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Gsuite Logging Details

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By: Owen Dubiel

July 14, 2021

Gsuite is widely used as both a professional and personal online computing source. Google is considered one of the biggest three competitors in the race for cloud domination. Google Cloud offers a wide range of tools, resources, and applications to help make day-to-day work life as stress-free and productive as possible. From a security standpoint, you must have proper visibility and control over your Google Workspace instance to ensure no nefarious activity occurs within your cloud environment. This article will cover the basics around the built-in visibility that comes native with Google Workspace logging. Whether you are an Administrator trying to troubleshoot an access issue or a security analyst that needs to incorporate better visibility into your Security Information and Event Management (SIEM) solution, Google Workspace has got you covered.

Admin Logs

Within the admin logs provided by Google, you will see any administrative actions taken within the instance. The following are some examples of events that can be observed when ingesting these type of events:

  • Change Password
  • Change User Organization
  • Email Log Search
  • Remove Group Member
  • Action Requested
  • Change User Relation
  • Create User
  • Add Group Member
  • Remove Group Member
  • Toggle Content Sharing
  • Move User to Organization Unit
  • Customer User Device Deletion Event
  • Create Data Transfer Request
  • Suspend User

The above events are only a handful of the possibilities. A Majority of the actions will fall under the type field of "Group Settings" or "User Settings," Making it easy to filter specific events that may be actionable.

Audit Groups

The logging contained within audit groups includes both administrative and moderator level actions taken within Google Workspace groups. Examples include when a moderator "adds" or "removes" a user from a group. The information contained in these logs consists of both parties' email addresses and supporting details like timestamp, domain, and a unique ETag ID.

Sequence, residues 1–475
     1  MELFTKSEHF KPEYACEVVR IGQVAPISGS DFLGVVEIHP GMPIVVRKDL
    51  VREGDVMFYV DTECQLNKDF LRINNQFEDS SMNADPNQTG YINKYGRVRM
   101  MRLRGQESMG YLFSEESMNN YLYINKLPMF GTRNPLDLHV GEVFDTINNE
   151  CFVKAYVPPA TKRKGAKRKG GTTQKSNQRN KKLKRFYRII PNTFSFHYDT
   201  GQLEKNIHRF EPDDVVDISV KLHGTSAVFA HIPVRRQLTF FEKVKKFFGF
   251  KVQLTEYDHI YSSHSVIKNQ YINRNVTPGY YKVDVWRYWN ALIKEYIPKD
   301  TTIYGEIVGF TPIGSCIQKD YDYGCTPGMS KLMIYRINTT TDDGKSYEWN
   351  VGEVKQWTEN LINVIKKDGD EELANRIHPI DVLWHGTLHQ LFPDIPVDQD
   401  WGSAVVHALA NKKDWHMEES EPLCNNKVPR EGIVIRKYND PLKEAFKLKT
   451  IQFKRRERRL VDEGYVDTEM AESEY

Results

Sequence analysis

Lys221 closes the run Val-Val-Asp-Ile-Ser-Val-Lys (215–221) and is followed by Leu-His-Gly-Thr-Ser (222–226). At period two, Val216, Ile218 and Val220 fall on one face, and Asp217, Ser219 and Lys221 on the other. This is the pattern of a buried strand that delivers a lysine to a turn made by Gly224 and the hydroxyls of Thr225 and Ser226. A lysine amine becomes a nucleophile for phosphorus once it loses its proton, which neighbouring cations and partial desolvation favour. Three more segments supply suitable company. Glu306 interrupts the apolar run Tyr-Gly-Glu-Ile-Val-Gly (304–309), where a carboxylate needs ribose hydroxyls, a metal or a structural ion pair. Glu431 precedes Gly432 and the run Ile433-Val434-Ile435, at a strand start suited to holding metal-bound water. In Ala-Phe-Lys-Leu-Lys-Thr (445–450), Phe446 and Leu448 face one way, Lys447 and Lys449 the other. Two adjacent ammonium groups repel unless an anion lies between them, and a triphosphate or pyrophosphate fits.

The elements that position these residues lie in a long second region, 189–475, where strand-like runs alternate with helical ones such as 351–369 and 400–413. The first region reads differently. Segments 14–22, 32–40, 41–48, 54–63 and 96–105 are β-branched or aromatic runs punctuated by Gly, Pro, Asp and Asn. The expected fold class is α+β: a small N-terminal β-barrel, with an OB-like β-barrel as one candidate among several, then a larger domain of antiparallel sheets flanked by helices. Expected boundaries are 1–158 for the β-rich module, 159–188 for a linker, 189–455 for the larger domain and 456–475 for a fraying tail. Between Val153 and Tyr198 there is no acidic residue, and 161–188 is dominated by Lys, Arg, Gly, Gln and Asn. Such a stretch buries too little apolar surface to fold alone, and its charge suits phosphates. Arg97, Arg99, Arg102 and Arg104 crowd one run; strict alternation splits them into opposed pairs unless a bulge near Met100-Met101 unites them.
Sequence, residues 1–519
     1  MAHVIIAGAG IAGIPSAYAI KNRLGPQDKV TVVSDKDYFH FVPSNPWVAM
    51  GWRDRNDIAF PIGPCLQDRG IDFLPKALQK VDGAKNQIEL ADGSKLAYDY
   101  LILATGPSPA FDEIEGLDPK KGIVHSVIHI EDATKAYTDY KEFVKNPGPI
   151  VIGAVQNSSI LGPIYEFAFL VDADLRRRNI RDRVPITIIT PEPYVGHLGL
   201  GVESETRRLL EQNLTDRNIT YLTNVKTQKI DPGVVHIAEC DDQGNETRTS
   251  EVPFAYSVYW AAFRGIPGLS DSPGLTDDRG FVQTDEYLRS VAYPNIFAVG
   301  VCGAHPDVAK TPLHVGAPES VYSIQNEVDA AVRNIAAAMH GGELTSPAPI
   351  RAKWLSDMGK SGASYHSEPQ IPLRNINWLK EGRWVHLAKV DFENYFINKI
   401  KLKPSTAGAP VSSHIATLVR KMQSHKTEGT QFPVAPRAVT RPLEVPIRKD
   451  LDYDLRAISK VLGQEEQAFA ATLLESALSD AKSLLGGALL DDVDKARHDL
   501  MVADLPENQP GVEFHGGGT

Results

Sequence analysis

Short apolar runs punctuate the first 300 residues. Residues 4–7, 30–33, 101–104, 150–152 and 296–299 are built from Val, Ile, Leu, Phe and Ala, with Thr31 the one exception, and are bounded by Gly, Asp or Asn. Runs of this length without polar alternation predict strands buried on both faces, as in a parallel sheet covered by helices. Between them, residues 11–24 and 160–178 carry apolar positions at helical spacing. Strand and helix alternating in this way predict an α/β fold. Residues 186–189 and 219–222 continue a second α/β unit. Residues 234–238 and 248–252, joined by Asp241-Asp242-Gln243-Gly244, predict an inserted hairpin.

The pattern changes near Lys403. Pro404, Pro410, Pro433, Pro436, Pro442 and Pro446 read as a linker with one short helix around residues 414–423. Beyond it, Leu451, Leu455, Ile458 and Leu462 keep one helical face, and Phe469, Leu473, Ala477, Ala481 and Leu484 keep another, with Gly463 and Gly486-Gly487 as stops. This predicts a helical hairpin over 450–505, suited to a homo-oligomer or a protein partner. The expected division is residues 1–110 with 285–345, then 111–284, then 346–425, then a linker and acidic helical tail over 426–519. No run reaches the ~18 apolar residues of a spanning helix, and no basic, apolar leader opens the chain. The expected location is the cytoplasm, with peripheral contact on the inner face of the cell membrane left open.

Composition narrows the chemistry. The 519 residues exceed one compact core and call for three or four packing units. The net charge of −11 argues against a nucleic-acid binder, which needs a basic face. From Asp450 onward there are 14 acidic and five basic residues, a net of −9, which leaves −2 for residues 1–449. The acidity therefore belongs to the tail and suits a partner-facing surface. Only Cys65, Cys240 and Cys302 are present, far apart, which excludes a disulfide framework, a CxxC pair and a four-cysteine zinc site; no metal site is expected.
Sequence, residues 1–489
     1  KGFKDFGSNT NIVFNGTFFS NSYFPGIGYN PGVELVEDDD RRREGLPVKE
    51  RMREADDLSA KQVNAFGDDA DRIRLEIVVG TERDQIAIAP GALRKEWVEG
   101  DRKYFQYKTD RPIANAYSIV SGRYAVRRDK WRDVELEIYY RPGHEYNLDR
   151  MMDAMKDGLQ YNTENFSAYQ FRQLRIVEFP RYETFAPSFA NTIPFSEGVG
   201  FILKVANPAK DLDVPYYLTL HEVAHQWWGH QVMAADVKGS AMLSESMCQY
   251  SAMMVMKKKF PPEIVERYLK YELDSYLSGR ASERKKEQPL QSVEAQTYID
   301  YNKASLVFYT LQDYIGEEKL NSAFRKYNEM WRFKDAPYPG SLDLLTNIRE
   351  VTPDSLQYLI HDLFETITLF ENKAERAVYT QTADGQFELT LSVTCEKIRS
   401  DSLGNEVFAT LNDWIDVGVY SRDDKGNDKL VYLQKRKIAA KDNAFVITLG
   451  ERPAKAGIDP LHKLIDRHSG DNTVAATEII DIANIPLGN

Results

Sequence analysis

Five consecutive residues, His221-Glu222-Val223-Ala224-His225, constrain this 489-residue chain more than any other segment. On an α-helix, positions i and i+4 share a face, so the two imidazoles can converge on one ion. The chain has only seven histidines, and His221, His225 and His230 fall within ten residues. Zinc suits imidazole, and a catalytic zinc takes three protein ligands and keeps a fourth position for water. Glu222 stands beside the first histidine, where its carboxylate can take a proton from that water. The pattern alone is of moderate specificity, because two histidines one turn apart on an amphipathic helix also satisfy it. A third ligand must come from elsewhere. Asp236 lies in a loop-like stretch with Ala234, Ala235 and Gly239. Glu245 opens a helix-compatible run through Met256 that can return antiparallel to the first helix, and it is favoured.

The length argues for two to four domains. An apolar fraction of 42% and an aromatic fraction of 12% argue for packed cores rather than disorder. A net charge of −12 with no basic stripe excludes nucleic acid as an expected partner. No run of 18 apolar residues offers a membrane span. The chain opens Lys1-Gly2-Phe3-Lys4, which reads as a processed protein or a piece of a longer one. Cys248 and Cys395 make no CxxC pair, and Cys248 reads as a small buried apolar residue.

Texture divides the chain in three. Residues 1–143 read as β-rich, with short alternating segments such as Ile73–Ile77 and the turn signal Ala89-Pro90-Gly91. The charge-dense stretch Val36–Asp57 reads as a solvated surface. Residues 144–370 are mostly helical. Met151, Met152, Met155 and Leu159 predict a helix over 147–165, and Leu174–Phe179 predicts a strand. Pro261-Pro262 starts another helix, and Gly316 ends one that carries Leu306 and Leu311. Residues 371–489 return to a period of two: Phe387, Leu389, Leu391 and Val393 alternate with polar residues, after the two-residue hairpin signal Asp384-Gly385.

From a security perspective, this can help detect trends of someone potentially attempting to move laterally and escalate privileges in different accounts as they go. A great way to see this is to ensure a proper change control procedure for these actions; anything outside of this procedure should be investigated.


As it might be assumed, Google Workspace provides different information within its login logs, including success, failures, challenges, logouts, and verifications. Ingesting these logs into a SIEM solution will provide enrichment when correlating timelines around tracking down lateral movements or possible password spray attacks.


Mobile logging provides a plethora of data around device activity for Google registered machines. For example, any device registered under the Google MDM for your domain will offer the following bits of information.

  • Device ID
  • Serial Number
  • Device Type
  • Resource ID
  • Device Model
  • User Email
  • Device Sync Event
  • OS Version
  • Last Sync Date
  • Device Updates

Mobile Google Workspace logging provides administrators with the ability to troubleshoot or manage device inventory. From a security perspective, having a solid asset inventory is essential in ensuring only authorized devices are being used for enterprise solutions.

Audit Rules

This is where security benefits from Google Workspace logging, the audit rules provide an in-depth look into the Data Loss Prevention (DLP) rules that Google Workspace has in place for Gmail. There is a ton of data surrounding each event, but the most important is to tie together the email in question to the DLP predefined rule being enforced. Searching on these two metrics together will give an accurate baseline of what is actively being blocked by Google Workspace and what requires additional rules to cover.


The token logs show the different automated authentications that happen within Google Workspace for users. For example, If a user is logged in already to Google Workspace and still has an active session when they open Google Drive, they won't be prompted again for re-login. Instead, a token will be used with an expiration, which allows the user to authenticate as many times as they want within that given timeframe.

A great use case for monitoring the token logs would be looking for token abuse. It should be reasonably easy to baseline regular token activity; if an account exceeds what looks normal for a given timeframe, it may require further investigation to ensure that users' credentials haven't been compromised.


The Google Drive logs provide typical logs around activity within a user's Drive account. Everything from file activity, sharing, movement of files, and even permission changes to files/folders are entirely logged. Google Drive provides security teams' complete visibility to establish a File Integrity Monitoring (FIM) stance against all known and unknown threats that could be lurking.


Google Workspace logging is available nativity for viewing or ingestion within any SIEM service. Going to the cloud doesn't mean losing control or visibility over data or assets. For more information on how to best configure and use a SIEM service, check out what Cybrary has to offer to get the most out of a logging solution.

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